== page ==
Sripathi Sridhara Swamy lived in absolute silence as an ascetic for 18 long years while he studied holy scripture and turned the profound knowledge enshrined in their verses into excellent paintings. When he passed away at age 77 in June, 1990, he left behind a legacy which anyone rooted in India's culture and tradition ought to be proud of: about 175 oil paintings, exquisite in line and color conveying the inmost thoughts of the saintly composers of the verses.
Sridhar Swami began painting when he was a child and eventually received training from competent persons. The inspiration to transform slokas in praise of Lord Venkateswara into paintings came from Pramacharya Sri Sri Chandrasekhara Swamy Varu of Kanchi Kama Koti Mutt who, impressed by his presentation of devotional texts through painting, asked him to continue. He took this blessing as a mission and vowed to carry it out by observing absolute silence all the while. He stuck to his vow for 18 years, by which time he had completed a major part of the mission.
The slokas were drawn from works such as the Venkateswara Suprabhatam, Sri Adi Sankara's Kanak-dhara Sthotram, Devadasa Jyothirlinga Sthatram, Bala-krishna Leelalu and the Ramayana, and the subjects range from Sesha Naga (King of Serpents) with his thousand expanded hoods to Lord Venkateswara seated on Garuda, Rama, Sita, scenes from the epics, etc. Swamy would spend months to understand the deepest meaning of each verse before picking up his brush. The paintings are admired for the quality of light in which they bathe, the feeling for the Gods represented as evocative of the early Vedic period and the slokas' poetry.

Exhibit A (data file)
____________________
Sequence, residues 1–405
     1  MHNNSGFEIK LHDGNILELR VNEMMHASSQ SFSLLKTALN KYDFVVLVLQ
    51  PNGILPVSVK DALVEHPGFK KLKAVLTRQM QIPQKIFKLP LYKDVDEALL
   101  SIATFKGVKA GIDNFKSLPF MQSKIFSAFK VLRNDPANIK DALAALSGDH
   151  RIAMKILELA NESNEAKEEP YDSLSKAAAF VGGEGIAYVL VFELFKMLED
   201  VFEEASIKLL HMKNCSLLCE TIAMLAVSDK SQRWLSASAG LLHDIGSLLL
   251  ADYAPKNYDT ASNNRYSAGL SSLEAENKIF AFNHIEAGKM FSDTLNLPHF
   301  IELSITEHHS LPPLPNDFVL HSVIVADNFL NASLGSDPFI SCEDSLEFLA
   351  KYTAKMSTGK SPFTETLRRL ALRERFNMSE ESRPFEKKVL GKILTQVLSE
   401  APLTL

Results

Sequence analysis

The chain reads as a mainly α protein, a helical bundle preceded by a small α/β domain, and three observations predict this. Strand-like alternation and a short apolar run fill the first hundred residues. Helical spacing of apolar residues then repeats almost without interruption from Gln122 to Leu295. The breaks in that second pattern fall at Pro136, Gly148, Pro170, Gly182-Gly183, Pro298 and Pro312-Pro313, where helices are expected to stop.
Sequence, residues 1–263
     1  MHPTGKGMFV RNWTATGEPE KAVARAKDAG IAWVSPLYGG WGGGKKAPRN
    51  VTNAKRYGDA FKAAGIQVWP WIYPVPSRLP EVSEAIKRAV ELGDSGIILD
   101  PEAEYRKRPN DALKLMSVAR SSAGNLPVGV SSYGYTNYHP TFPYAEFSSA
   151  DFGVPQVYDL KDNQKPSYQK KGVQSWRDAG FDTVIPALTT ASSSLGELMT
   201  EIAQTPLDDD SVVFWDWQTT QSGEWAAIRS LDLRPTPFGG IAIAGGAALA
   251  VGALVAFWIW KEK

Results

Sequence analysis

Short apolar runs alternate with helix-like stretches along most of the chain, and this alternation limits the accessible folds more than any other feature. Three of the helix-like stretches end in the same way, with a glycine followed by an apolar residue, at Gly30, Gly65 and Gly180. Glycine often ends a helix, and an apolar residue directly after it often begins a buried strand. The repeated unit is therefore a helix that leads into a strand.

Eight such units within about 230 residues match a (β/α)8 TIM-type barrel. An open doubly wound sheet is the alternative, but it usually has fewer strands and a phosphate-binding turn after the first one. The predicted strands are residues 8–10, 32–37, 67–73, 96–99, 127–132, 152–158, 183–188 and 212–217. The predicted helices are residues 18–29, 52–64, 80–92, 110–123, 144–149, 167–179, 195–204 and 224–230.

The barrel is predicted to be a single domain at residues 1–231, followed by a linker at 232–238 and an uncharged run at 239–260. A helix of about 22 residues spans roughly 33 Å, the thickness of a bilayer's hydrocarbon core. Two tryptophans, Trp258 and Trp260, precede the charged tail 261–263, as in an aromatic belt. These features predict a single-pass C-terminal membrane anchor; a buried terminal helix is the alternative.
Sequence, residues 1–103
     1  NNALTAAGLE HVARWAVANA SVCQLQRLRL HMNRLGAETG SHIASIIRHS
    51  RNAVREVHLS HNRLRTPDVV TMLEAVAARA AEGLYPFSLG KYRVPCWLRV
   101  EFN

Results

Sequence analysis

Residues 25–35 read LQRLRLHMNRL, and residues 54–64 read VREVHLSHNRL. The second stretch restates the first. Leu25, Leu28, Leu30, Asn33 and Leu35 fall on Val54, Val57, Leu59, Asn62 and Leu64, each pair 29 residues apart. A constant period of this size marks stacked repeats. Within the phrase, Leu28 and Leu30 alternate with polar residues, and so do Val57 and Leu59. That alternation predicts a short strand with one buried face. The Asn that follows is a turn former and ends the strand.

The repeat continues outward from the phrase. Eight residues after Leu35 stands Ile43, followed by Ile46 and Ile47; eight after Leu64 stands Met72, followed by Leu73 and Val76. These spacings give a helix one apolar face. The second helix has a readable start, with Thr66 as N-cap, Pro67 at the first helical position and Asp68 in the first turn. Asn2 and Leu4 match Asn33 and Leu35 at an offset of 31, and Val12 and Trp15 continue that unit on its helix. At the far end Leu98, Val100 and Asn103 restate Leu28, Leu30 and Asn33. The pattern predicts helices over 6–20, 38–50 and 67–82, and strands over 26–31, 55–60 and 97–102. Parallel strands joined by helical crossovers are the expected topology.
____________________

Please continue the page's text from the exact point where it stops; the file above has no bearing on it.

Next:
The artist's four sons have today made it their life's mission to introduce to their father's work to the world, and now seek to fulfill his dream: the building of a gallery to show and teach traditional art to children.
Article copyright Himalayan Academy.
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